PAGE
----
According to McKinsey's report, by 2040 Africa's by 2040, Africa will have 31 cities—19 more than today—counting more than five million people, keeping up the trend of the fastest urbanizing continent. In general, urbanization is a driver of economic progress, particularly in low-income countries, in fact, primary cities show:  

  • Better employment opportunities.  
  • Households earned and consumed more than twice as much as the rest of Africa.  
  • Only 2% of households are poor, compared to 9% in the rest of Africa.  

-> Furthermore, second cities show the biggest opportunity for growth, as their status now is not as good as primary cities. Investments in these areas should focus on attracting investment, infrastructure and affordable housing.   

-> Finally, it should not be forgotten that Africa lacks infrastructure, and investment in improving it should be made. It is estimated that such investment would add up to 8.6% of GDP annually.  

Africa's economies are shifting rapidly 

Over the last 20 years, the African economy has seen a major structural shift to services. Despite this transition, employment in services expanded from 30% to 39%, with agriculture still employing half of the African workforce in 2019. In the future, the continent will have the people's capital and resources it requires to fuel growth and boost productivity across all sectors, beginning with the services sector. Services have established themselves as the primary driver of the continent's economic output, accounting for 56% of total output in 2019 compared to 50% in 2000. 

Africa's large companies' potential for growth  

Africa is home to at least 345 whose annual revenues reach $ 1 billion (Fig.3). Most of these companies (230) were instituted in African countries, and are based on oil and gas, mining, , , manufacturing, or telecommunications. According to McKinsey's report, these large companies play big roles in the economic progress of the continent, and while their performance varied between 2015 and 2021, they contributed to raising Africa's productivity and proved to be in the face of challenges.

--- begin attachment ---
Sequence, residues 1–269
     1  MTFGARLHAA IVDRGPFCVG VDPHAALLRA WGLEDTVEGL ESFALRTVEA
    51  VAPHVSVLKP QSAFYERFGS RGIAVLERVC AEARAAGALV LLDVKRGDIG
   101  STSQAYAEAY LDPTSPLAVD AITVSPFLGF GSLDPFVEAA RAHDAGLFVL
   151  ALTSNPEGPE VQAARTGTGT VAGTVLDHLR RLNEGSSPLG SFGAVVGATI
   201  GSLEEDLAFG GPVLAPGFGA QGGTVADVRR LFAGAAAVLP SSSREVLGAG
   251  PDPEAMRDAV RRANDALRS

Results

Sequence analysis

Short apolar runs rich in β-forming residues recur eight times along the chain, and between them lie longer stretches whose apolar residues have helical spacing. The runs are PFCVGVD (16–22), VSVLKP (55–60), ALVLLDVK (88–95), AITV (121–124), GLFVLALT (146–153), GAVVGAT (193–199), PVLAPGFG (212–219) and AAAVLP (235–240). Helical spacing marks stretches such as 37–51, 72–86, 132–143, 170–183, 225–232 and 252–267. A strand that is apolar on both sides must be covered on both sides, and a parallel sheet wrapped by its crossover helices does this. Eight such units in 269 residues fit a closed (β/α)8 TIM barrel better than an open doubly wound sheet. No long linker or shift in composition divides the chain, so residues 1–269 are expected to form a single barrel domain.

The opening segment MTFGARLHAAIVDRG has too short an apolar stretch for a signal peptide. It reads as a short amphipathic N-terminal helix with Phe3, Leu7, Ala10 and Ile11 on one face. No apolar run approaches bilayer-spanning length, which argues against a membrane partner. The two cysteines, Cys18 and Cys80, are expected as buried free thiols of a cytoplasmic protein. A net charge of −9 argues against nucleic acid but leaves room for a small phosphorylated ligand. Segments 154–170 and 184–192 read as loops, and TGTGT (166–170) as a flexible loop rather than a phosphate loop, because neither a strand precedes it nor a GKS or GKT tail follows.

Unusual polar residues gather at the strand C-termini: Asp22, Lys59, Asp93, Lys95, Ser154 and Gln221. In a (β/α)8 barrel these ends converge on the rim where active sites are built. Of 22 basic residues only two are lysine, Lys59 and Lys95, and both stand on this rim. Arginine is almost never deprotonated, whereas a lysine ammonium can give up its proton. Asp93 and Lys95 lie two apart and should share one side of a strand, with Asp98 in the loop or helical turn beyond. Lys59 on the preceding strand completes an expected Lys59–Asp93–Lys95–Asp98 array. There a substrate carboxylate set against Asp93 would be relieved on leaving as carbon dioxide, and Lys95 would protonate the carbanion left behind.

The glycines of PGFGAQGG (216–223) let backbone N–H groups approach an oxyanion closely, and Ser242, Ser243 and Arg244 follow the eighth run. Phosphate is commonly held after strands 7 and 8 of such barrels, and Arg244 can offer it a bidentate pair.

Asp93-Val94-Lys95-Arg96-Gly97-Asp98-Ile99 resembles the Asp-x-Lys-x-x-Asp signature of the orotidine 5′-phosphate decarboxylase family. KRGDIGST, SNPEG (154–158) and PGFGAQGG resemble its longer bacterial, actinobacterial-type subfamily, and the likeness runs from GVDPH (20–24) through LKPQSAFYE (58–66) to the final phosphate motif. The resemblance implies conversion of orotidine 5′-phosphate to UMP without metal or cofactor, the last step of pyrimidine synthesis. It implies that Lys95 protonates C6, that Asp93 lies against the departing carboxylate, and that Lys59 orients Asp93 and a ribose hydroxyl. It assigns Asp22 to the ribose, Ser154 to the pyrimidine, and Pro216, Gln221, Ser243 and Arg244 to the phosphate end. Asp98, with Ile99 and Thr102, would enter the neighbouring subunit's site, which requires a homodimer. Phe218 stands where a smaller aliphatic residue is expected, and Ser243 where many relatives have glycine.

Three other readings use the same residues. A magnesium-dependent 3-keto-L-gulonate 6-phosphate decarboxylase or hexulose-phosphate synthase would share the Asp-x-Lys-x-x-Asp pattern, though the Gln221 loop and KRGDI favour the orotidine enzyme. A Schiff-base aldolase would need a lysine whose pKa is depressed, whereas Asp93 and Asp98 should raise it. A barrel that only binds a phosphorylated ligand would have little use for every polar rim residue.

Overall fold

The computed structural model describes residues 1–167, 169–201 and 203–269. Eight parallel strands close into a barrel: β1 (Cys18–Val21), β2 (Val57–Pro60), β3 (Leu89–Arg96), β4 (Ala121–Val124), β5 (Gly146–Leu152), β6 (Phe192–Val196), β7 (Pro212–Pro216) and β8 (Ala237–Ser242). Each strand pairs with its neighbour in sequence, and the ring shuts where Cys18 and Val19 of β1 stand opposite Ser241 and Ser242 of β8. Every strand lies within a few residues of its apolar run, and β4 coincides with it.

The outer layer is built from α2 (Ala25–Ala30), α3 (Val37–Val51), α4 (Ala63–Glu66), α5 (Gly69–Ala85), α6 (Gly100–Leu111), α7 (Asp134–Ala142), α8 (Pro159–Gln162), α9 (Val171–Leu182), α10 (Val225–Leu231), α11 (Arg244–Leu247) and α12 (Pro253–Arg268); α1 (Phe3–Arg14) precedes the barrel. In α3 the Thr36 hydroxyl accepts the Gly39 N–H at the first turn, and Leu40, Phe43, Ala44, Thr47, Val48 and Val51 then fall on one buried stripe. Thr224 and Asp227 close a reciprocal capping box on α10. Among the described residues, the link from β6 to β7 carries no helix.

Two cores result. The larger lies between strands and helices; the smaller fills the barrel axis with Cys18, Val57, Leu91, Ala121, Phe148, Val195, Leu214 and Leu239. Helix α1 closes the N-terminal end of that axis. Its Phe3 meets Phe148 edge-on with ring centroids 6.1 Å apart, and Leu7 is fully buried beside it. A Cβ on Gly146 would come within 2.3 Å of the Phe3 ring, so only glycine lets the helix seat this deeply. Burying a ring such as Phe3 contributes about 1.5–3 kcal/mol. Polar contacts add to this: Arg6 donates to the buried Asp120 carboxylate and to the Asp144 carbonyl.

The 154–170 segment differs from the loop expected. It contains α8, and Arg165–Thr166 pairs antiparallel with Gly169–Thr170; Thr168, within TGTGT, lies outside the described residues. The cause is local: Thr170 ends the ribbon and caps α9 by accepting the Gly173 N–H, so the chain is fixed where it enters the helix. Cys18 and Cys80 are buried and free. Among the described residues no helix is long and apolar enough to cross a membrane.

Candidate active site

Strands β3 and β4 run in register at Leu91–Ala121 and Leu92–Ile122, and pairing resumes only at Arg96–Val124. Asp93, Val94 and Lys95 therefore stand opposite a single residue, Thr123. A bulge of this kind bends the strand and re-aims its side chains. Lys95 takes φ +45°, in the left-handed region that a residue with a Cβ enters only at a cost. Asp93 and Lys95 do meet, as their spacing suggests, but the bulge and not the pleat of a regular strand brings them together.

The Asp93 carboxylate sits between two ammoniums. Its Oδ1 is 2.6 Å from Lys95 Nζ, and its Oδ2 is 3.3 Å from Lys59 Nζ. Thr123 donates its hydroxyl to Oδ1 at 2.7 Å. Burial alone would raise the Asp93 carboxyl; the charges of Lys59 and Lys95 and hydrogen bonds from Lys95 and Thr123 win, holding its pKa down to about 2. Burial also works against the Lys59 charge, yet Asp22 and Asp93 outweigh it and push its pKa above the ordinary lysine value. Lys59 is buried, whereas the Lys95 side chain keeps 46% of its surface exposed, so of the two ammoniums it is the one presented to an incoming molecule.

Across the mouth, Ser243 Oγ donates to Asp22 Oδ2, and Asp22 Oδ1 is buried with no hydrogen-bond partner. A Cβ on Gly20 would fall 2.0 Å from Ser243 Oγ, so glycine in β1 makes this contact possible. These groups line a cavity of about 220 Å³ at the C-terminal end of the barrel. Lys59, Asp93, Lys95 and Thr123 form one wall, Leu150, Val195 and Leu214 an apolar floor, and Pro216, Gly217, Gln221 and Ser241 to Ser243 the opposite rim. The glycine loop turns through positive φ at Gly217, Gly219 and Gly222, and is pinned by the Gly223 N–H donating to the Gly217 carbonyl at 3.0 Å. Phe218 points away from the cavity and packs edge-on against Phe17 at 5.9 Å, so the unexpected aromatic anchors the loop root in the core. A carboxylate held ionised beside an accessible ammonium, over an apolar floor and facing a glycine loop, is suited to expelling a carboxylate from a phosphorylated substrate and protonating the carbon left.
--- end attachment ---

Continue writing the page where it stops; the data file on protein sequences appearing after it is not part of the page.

Despite the resilience, since 2015 Africa lost 16% of >$ 1 billion revenue companies, with the best-performing sectors being power, utilities, agriculture, and mining. However, the report estimated that 50% of the 345 companies can feasibly boost their revenues for an overall amount of up to $550 billion by 2030, which highlights the role of big companies in Africa. To harvest growth, successful partnerships, strategies, and the inclusion of environmental, , and governance goals will be strictly needed.  

Figure 3: Africa's 345 companies with > $ 1 billion annual revenue distribution Source: McKinsey Global Institute  

Fostering growth in Africa 

Africa's governmental and private sector decision-makers confront an exceptional chance to restart growth and re-establish the continent on a path of robust, sustainable, and inclusive . This will not be easy: it will necessitate creativity, investment, and collaboration. Especially in light of the issues of and energy transition. By recognizing that there is not “one Africa” McKinsey's report identified ten practical ways for businesses and governments to boost economic growth and productivity:

  1. Pivot from a focus on growth for growth's sake to a focus on productivity.  
  1. Fully embrace digital technologies and systems in all areas of the economy.  
  1. Develop African talent to serve Africa and the world.  
  1. Reimagine manufacturing for domestic consumption and for in a competitive way. 
  1. Increase regional connectedness.  
  1. Invest to enhance resource productivity and tap into new opportunities. 
  1. Explore opportunities to benefit from the global net-zero agenda.  
  1. Spur the agricultural transition by improving farming productivity.  
  1. Increase and improve urban infrastructure in Africa's primary and second cities. 
  1. Grow and cultivate African business champions. 

To understand what each step truly means in detail, read the full report here.  


McKinsey Global Institute. (2023). Reimagining economic growth in Africa – Turning diversity into opportunity